‘They will not be able to hire me’ Student fears a degree won’t be enough as DACA expires
By Antonio Garcia
Guadalupe Orozco felt hurt when she graduated from Lane Tech high school.
Her friends were leaving for big, four-year universities, but she felt she couldn’t go with them. Her undocumented status was preventing her from applying for the financial aid she’d need.
Orozco’s family brought her to the U.S. from Guanajuato, Mexico at age six, and she is technically not a citizen.
“It was either, ‘I go to this four-year school and screw myself economically,’” she said, “or, ‘I go to a two-year school with a scholarship I know I’m going to get and at least move up a little.’”
She chose the economical decision and came to Harold Washington, where she has been studying hard and balancing her job as a pharmacy technician.
“I think [HWC] for me is a safe place,” said the 20-year-old Orozco. “I have to wake up, go to class, turn in all my homework while working on future assignments and then at night I have to go and hustle and make money [at my job].”
Orozco, who is pursuing an associates in sociology, began working at Walgreens in retail as a teenager. She got promoted to Pharmacy Technician after getting certification through a company program.
She feels she shares a common work ethic with Harold Washington students.
“I think a lot of the students at HWC are hustlers who bust their butts to make it,” she said. “A lot of the people that study here work at the same time, while most of the people that go directly to four-year universities are full-time students who don’t work, they don’t really know what it’s like to have more than one responsibility were your job is not only to be the student.”
While she does enjoy working at the pharmacy, she is disappointed in the influence of insurance companies over medicine.
“A big part of my life is service,” she said. “The insurance companies are just making things difficult for people.”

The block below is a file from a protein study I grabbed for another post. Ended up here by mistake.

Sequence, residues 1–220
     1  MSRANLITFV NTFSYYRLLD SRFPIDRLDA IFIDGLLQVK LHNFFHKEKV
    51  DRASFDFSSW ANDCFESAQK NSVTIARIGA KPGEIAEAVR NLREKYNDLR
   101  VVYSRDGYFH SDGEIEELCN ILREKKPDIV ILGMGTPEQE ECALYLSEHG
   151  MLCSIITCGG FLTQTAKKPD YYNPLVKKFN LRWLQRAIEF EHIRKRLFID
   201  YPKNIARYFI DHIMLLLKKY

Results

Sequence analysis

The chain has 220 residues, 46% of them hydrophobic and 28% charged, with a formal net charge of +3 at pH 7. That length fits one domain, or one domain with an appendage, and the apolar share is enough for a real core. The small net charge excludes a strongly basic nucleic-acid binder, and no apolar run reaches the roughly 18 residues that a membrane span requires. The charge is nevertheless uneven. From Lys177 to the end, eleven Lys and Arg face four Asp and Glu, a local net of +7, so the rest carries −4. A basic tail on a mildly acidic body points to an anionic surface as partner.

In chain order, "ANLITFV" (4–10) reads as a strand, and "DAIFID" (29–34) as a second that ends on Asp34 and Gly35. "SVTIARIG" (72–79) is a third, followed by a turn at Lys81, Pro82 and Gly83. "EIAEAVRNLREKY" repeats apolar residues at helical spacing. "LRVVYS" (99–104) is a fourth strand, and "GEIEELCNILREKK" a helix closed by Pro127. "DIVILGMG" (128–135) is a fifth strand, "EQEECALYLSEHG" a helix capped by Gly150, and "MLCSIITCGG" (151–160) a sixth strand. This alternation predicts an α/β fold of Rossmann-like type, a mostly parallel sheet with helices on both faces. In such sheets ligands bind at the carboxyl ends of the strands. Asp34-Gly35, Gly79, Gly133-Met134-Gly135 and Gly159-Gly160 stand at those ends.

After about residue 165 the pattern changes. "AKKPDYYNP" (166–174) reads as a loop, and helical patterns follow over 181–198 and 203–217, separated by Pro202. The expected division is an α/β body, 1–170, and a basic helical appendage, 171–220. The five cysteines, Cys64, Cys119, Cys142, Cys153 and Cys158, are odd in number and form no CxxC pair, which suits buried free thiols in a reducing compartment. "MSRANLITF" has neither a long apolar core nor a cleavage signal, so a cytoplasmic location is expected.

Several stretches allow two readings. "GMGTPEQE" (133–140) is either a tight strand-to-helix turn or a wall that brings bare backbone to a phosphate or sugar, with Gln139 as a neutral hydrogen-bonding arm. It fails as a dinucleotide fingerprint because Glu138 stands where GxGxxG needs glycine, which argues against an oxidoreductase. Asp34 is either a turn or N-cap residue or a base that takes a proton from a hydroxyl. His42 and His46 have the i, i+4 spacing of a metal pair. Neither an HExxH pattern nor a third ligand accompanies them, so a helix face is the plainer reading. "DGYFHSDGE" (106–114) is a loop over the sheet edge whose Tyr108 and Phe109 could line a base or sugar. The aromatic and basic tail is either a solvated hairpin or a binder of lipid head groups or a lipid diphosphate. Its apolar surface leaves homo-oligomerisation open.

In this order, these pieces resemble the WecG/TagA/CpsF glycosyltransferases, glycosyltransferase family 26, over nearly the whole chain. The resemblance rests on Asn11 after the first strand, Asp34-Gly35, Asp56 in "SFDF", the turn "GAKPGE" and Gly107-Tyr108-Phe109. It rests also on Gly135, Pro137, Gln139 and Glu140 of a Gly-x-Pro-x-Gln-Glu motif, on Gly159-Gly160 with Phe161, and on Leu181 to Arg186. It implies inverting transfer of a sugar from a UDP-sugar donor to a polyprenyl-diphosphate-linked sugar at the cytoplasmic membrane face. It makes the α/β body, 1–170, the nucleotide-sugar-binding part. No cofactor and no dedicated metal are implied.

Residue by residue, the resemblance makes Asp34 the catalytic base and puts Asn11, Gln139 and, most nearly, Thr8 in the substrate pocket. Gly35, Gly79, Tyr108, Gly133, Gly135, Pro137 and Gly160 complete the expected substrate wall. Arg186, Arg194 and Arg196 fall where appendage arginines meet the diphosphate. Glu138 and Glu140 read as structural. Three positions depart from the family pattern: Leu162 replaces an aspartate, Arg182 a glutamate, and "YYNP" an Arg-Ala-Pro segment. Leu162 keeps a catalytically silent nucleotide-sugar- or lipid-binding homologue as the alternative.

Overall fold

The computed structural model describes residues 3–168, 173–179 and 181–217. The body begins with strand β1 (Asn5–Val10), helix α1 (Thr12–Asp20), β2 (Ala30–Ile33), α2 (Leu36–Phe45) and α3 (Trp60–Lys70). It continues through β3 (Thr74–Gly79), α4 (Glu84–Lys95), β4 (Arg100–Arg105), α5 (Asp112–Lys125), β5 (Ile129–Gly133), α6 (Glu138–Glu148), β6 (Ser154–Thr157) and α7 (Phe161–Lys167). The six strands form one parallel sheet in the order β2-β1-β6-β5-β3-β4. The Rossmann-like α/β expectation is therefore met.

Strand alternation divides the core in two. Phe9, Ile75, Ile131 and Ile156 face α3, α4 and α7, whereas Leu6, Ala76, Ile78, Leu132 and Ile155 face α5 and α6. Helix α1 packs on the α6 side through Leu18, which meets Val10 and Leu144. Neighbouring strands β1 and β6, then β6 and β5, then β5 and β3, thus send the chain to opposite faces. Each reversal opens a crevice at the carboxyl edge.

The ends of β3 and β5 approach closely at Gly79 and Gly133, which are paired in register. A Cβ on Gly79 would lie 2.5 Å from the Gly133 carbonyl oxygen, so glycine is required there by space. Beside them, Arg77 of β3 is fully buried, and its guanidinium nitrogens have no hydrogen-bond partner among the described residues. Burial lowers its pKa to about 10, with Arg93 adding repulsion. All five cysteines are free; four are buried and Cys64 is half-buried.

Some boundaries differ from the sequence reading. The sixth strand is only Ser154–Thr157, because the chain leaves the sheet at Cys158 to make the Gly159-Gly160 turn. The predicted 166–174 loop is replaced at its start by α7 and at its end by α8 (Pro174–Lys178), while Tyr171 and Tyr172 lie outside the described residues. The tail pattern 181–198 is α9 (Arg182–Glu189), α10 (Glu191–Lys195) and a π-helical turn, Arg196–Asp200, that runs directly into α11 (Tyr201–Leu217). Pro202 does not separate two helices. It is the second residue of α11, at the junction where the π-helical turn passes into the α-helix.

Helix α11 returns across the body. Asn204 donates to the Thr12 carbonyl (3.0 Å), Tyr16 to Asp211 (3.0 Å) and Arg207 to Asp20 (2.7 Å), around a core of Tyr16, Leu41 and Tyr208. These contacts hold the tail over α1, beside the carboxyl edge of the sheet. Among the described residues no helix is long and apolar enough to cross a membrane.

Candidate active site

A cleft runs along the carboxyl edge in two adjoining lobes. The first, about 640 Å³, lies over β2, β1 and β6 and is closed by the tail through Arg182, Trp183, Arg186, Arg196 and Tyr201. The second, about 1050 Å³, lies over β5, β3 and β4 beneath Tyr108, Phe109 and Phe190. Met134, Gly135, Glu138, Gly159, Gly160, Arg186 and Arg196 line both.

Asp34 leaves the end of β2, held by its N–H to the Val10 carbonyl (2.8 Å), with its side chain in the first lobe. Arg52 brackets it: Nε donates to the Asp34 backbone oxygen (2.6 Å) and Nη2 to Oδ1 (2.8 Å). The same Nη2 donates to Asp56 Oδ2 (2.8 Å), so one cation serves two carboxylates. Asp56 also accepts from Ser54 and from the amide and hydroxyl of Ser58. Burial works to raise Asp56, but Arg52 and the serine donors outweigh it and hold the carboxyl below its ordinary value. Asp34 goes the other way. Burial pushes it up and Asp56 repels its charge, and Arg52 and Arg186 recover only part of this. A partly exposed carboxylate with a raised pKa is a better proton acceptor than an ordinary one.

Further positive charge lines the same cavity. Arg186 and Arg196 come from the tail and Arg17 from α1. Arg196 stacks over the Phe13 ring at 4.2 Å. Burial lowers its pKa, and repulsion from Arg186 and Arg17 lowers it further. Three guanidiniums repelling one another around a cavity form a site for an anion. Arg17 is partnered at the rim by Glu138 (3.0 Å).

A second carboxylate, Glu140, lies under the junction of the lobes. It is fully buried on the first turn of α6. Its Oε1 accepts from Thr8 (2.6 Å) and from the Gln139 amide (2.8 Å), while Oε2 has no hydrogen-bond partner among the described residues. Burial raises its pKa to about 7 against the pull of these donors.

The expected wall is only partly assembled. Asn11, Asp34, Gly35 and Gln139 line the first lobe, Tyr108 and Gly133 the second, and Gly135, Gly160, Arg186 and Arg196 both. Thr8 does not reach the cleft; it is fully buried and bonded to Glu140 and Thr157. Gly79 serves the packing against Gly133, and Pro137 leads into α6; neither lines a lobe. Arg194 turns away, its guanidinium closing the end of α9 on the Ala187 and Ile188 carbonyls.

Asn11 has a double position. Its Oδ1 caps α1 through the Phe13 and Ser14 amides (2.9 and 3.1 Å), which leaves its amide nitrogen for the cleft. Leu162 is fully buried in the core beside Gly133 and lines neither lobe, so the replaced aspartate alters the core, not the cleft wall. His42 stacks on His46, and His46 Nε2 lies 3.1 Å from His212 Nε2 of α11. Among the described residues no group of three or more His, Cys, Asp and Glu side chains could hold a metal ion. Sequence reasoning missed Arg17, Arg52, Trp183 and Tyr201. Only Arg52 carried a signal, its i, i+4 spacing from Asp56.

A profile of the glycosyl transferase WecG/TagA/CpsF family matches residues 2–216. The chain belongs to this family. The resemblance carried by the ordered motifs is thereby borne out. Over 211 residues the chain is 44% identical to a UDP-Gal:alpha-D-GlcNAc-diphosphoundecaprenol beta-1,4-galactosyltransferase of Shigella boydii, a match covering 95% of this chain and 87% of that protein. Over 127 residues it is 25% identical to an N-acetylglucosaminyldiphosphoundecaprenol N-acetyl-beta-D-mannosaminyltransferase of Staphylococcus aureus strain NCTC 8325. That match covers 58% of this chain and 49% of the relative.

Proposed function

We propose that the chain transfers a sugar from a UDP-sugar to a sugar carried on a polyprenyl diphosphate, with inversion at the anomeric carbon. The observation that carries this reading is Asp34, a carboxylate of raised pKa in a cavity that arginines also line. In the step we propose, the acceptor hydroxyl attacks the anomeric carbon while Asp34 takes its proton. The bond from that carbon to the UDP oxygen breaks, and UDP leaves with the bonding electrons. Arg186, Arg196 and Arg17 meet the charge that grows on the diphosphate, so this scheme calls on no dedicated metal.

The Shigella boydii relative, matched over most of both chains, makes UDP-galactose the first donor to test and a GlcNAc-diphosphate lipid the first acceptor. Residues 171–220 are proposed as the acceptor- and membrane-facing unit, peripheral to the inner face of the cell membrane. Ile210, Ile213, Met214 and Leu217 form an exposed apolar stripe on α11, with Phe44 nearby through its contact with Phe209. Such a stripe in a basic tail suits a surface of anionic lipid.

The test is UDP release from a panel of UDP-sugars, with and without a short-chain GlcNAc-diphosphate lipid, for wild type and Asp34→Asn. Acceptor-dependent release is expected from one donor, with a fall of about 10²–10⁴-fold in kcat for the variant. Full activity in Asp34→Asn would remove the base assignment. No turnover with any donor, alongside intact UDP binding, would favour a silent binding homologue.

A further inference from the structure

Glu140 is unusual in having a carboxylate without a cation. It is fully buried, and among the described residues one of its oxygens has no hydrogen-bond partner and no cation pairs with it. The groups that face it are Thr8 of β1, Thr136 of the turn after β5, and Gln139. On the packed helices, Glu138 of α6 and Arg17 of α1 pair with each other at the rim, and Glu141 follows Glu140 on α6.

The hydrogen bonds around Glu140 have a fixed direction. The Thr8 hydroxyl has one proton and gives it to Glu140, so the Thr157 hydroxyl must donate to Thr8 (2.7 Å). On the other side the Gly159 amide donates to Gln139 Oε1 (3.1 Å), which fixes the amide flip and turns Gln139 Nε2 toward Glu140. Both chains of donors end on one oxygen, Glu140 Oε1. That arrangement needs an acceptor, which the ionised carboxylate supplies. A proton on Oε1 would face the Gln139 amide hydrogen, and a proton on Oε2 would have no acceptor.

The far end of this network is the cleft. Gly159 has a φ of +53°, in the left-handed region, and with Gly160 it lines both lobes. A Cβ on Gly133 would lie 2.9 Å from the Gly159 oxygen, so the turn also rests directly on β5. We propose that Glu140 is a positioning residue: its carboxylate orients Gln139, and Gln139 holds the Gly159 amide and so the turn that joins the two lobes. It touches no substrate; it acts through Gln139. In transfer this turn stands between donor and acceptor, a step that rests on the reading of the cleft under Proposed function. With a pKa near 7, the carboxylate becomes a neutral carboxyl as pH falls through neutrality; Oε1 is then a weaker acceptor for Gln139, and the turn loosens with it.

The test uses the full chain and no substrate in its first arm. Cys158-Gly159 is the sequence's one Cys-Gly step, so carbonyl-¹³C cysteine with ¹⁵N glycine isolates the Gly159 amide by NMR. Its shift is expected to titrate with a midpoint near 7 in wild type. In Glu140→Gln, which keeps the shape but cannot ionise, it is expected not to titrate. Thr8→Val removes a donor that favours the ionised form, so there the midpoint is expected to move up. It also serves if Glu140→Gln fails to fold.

Orozco recalled a customer who was prescribed medication for an eye infection that put him at risk of losing it.
“The doctor prescribed medication we no longer carried so we called him so he could substitute,” she said. “He substituted the medicine with something much more expensive and the customer had to choose between losing his eye or paying for the medication.”
Her life as a DACA student has been positive and negative. When the program was created in 2012, she felt opportunity and hope.
“It’s a privilege and something I don’t know they’ll let me keep,” she said. “Through DACA we do receive a social security number, but it’s only for working purposes which hurts because you have people who are working and know when they retire, they are going to have money to lean on while I don’t even know where my money is going.”
While once offering hope and security, the termination of DACA now leaves Orozco with more question than answers.
“My DACA expires in 2019 so even if I get my degree and people see that I have it, they will not be able to hire me,” she said.
Amidst the chaos that is her life, Orozco at some point hopes to find some time to develop a more engaging social life.
“I got married young and a lot of my friends just disappeared,” she said. “There is this misconception that when you get married it’s just you and your husband and it’s not true.”